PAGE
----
Salisbury, MD. Once upon a time, long, long ago, young Englishmen with a penchant for gardening and exotic plants used to dream of traveling to faraway lands and bringing back exotic plants which would become the envy of the horticultural world. And, indeed, that is exactly what happened. Young men traveled to the Himalayas and Nepal and returned with incredible species. Among them were rhododendrons and their sub-species azaleas.
They were, and still are, marvelous plants. There are over 1,000 species of woody plants in the heath family with some 28,000 cultivars of rhododendrons and 10,000 cultivars of azaleas. For a bit of history, the name rhododendron comes to us from Ancient Greece: "rhodon" means rose, and "dendron" means tree. It's not difficult to see how these plants got their name. The origination of the name for azaleas is not quite so clear. It is derived from the Greek word "azaleos", meaning dry. The Gardening Grannies haven't a clue as to the connection between the origination and the modern day plant. If you do, please share it with us.
An easy way to tell which is a "rhodie" and which is an azalea is to remember the general rule that "rhodies" are evergreen and azaleas are deciduous (lose their leaves in the winter). While both varieties usually bloom in the spring, "rhodies" also are generally larger than azaleas and produce one large bloom on the ends of the branches. When Grannies Griffith and Johnson went to England a few years ago, they were stunned to see some rhododendrons a full two stories in height on some of the historic estates. Here in the United States, it is progressively more difficult to locate the large old varieties as most are bred down in size for today's smaller gardens. Both azaleas and rhodies are toxic to equines, sheep and goats but seem to cause no problems in cats or dogs.
Different cultivars thrive in different environments. Some prefer full sun, others full shade and still others do well in high, dappled shade. As with most other species, plants mature in size from small to medium to large, to humongous. Careful attention should be paid to the instructions on the plant label to be sure to put the right plant in the right place for maximum performance with a minimum of care. Two key points of similarity is that both "rhodies" and azaleas prefer acidic soil and are shallow rooted so newer plants may require additional watering during prolonged dry spells. One established, they should be relatively carefree, requiring only modest pruning after the blossoms have faded.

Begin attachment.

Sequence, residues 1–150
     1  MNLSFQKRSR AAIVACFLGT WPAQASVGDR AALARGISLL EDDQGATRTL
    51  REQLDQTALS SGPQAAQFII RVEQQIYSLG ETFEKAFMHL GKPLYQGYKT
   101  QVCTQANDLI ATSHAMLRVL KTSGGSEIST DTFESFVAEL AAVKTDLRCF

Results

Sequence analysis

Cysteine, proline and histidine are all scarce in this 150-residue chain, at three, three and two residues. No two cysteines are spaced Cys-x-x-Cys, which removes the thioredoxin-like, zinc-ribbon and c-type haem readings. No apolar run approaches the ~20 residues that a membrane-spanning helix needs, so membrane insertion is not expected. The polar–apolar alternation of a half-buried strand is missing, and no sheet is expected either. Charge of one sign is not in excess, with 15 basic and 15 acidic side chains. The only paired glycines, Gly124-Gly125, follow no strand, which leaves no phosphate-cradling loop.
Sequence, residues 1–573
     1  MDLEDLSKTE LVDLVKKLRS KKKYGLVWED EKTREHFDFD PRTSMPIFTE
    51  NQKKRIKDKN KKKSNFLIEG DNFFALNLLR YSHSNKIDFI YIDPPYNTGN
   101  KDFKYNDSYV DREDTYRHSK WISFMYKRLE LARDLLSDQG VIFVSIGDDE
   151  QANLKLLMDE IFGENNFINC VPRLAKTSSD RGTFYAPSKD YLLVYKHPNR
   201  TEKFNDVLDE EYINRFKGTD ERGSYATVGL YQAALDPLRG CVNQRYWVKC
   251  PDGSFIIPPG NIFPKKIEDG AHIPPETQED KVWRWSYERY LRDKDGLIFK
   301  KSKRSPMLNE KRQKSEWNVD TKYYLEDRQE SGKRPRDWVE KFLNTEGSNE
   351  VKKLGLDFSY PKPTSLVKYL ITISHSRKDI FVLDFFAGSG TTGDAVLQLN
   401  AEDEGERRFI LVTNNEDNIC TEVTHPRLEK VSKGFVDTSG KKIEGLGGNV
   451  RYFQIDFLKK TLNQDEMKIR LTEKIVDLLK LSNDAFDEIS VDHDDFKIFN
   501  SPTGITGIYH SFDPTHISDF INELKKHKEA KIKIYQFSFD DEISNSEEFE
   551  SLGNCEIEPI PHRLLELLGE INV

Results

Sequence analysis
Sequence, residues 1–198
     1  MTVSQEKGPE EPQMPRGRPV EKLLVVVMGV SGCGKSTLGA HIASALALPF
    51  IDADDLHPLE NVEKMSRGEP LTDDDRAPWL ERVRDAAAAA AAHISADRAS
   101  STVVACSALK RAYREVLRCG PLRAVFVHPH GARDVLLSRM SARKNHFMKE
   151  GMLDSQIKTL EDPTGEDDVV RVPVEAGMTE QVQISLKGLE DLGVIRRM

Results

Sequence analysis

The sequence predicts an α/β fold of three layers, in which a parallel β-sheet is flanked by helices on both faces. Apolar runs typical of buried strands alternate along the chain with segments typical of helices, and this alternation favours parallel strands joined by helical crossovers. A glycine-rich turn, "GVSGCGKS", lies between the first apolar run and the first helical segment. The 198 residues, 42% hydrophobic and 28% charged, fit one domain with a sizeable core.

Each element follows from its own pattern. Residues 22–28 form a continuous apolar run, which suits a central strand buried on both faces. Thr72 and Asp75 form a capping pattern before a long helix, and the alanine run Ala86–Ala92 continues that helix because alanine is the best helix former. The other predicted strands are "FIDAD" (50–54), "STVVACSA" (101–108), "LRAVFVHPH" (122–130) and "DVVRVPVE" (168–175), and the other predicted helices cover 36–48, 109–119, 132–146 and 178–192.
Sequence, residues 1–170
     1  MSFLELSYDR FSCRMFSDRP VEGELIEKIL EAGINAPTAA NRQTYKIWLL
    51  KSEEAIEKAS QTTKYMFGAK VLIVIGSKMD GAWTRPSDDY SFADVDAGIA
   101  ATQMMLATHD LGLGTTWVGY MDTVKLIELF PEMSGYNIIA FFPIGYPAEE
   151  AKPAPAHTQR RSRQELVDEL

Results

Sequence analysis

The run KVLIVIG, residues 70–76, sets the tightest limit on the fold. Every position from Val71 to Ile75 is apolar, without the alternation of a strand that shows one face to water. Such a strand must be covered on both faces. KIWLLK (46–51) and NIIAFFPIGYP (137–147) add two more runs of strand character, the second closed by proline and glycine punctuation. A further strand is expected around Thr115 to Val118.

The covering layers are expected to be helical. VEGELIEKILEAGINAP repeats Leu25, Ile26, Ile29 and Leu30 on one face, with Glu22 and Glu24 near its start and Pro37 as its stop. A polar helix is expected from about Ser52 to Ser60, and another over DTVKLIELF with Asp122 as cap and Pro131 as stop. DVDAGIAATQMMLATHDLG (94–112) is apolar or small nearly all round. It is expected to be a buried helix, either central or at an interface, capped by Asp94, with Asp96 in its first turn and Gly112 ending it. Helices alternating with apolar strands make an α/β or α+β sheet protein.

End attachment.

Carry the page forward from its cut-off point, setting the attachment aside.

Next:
As might be expected, the Gardening Grannies have two theories related to practical cultivation they wish to share. First and foremost, buy your plants while they are still in bloom so that there are no color surprises next spring. While plants may be cheaper in mid- to late summer when the blossoms are long gone, it has also been several months for them to be in less than optimum conditions and small children would have had multiple opportunities to rearrange the labels on the plants reducing selection to "luck of the draw". The second theory has to do with colors. If the planting area is out in the open say, for example, along a driveway or open yard, select bright colors for maximum impact. If you are planting in a shaded area, nothing "pops" quite like pure white.
There you've got it. Off your rockers, Grannies, and into those garden centers! It's time to stalk the perfect "rhodie".
Gardening Grannies are a group of avid and Master Gardeners who live, love and garden on the Delmarva Peninsula. You can reach them at firstname.lastname@example.org.